Macroeconomic Techniques

Subject 316-671 (2008)

Note: This is an archived Handbook entry from 2008.Search for this in the current handbook

Credit Points: 12.500
Level: Graduate/Postgraduate
Dates & Locations:

This subject has the following teaching availabilities in 2008:

Semester 2, - Taught on campus.
Pre-teaching Period Start not applicable
Teaching Period not applicable
Assessment Period End not applicable
Last date to Self-Enrol not applicable
Census Date not applicable
Last date to Withdraw without fail not applicable

Timetable can be viewed here. For information about these dates, click here.
Time Commitment: Contact Hours: Three hours of classes per week plus three hours ofseminars during the semester (Semester 2).
Total Time Commitment: Not available
Prerequisites: 316-612 Macroeconomics
Corequisites: None
Recommended Background Knowledge: None
Non Allowed Subjects: None
Core Participation Requirements:

For the purposes of considering request for Reasonable Adjustments under the Disability Standards for Education (Cwth 2005), and Student Support and Engagement Policy, academic requirements for this subject are articulated in the Subject Overview, Learning Outcomes, Assessment and Generic Skills sections of this entry.

It is University policy to take all reasonable steps to minimise the impact of disability upon academic study, and reasonable adjustments will be made to enhance a student's participation in the University's programs. Students who feel their disability may impact on meeting the requirements of this subject are encouraged to discuss this matter with a Faculty Student Adviser and Student Equity and Disability Support:

Subject Overview: Introduction to recent developments in macroeconomics. Students will learn how to formulate and solve stochastic dynamic economic models and to apply these techniques to a number of substantive issues in consumption, asset pricing, business cycle theory, monetary economics and labour economics. The course will also cover dynamic models with heterogeneous households and will use these models to analyse income and wealth inequality (and other topics as time permits).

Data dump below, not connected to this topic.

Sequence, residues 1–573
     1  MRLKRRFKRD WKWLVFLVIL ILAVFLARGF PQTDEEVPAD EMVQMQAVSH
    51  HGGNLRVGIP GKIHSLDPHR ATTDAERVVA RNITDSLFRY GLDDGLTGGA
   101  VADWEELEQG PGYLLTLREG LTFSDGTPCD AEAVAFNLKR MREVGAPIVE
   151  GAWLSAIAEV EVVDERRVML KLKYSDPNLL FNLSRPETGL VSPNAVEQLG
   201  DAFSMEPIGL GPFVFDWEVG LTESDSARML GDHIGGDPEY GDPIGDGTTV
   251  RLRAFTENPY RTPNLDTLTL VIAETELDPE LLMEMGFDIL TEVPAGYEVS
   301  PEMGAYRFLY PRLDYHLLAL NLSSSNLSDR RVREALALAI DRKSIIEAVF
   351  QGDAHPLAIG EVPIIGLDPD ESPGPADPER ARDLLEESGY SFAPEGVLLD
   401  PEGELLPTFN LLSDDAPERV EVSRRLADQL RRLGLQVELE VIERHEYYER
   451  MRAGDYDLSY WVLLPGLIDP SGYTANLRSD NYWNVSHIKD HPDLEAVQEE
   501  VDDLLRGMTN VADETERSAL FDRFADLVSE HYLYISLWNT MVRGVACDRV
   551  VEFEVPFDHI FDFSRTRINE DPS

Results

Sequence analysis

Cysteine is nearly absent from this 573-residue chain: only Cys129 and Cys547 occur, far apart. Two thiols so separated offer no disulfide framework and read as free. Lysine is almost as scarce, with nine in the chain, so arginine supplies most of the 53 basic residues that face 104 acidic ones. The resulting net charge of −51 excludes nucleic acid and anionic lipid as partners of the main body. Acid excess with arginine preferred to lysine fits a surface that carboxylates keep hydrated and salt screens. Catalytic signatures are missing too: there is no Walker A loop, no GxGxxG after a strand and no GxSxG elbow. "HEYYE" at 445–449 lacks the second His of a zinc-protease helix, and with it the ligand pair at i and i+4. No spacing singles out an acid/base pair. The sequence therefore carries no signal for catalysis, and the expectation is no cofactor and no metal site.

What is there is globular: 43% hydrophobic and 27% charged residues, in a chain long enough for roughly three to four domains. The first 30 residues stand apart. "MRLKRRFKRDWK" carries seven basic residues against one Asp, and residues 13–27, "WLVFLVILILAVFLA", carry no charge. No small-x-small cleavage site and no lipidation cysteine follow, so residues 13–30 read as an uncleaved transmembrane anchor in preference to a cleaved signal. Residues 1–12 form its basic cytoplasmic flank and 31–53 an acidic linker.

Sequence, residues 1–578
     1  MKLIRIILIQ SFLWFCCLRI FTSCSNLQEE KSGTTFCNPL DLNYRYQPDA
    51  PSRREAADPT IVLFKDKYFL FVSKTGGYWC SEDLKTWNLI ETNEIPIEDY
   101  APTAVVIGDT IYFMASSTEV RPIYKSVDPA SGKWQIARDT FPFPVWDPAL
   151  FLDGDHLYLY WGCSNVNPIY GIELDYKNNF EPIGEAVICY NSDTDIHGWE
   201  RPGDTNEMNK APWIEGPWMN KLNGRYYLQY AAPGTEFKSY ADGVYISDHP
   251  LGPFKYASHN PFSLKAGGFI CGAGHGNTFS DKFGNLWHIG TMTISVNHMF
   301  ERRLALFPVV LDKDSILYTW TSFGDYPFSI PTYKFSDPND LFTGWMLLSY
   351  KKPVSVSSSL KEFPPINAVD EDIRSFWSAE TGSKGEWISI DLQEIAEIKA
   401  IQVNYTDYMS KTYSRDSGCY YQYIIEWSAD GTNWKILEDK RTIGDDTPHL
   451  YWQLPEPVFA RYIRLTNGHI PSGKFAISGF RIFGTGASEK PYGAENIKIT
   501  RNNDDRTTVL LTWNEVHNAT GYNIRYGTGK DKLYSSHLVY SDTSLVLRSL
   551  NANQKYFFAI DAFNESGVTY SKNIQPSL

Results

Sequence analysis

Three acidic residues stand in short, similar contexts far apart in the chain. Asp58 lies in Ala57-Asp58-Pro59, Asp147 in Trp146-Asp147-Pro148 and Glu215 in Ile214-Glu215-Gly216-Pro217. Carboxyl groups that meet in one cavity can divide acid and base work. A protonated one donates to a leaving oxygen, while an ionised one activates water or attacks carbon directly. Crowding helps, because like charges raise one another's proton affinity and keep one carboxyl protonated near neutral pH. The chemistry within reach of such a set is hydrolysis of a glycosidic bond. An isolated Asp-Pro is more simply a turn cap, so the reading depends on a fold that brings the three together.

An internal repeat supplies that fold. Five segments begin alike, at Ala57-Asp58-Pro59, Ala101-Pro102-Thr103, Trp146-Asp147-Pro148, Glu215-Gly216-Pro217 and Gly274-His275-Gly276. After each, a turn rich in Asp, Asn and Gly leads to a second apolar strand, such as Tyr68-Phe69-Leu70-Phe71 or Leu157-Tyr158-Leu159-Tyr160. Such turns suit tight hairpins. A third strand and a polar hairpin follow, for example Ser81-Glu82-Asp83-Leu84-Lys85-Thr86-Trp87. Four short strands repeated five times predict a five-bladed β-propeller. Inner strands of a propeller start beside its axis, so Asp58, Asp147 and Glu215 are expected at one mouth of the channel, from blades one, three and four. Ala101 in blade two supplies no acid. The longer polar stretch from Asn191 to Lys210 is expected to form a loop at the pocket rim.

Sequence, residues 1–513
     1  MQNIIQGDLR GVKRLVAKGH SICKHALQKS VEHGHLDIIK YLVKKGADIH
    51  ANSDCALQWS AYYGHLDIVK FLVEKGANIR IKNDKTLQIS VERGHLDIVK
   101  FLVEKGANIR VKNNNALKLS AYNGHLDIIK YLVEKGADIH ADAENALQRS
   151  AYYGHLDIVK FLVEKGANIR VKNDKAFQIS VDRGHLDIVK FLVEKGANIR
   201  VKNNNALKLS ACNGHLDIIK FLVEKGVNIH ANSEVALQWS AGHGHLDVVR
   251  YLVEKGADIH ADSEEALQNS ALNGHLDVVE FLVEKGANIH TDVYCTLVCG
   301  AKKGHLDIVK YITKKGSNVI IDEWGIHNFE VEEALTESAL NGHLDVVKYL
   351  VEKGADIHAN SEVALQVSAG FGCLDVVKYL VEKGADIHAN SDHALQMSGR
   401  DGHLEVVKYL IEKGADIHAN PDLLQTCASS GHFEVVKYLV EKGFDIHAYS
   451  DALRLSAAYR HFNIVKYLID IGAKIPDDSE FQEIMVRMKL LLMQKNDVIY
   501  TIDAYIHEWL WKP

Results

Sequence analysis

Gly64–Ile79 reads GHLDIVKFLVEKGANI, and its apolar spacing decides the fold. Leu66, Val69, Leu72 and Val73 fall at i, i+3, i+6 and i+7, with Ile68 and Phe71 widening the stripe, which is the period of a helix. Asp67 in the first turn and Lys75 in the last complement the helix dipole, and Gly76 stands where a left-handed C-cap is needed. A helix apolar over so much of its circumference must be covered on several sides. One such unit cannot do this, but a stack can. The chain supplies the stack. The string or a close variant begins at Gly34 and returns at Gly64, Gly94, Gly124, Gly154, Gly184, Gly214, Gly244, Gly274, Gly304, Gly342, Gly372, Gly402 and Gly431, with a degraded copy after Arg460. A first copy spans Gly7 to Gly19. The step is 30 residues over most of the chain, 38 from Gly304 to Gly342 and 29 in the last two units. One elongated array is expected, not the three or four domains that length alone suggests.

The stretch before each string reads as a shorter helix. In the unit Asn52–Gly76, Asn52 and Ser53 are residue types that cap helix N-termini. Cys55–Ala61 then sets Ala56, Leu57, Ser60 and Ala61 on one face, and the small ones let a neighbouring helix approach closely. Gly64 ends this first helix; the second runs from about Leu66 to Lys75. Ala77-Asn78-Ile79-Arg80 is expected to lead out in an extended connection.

Assessment: A 1.5-hour mid-semester examination (20%), a 3-hour final examination (50%) and class assignments of up to 6000 words (30%).
Prescribed Texts: None
Breadth Options:

This subject is not available as a breadth subject.

Fees Information: Subject EFTSL, Level, Discipline & Census Date
Generic Skills: On successful completion of this subject students should be able to:
  • Identify well posed economic questions;
  • Formulate economic models that could provide answers to well posed questions;
  • Apply existing empirical work to parameterize such models;
  • Write computer programs that solve such models;
  • Evaluate empirically the performance of such models;
  • Evaluate additional implications of such models over and above the question(s) they were designed to answer;
  • Evaluate recent contributions to macroeconomics;
  • Analyse the interplay of questions, theory, and data.

On successful completion of this subject, students should have improved the following generic skills:

  • Evaluation of ideas, views and evidence;
  • Synthesis of ideas, views and evidence;
  • Strategic thinking;
  • Critical thinking;
  • Application of theory to economic policy and business decision making;
  • Accessing economic and other information;
  • Summary and interpretation of information;
  • Application of Windows software;
  • Using and designing computer programs;
  • Statistical reasoning;
  • Problem solving skills;
  • Collaborative learning and teamwork;
  • Negotiation and bargaining;
  • Written communication;
  • Oral communication.
Related Course(s): Master of Commerce - Economics

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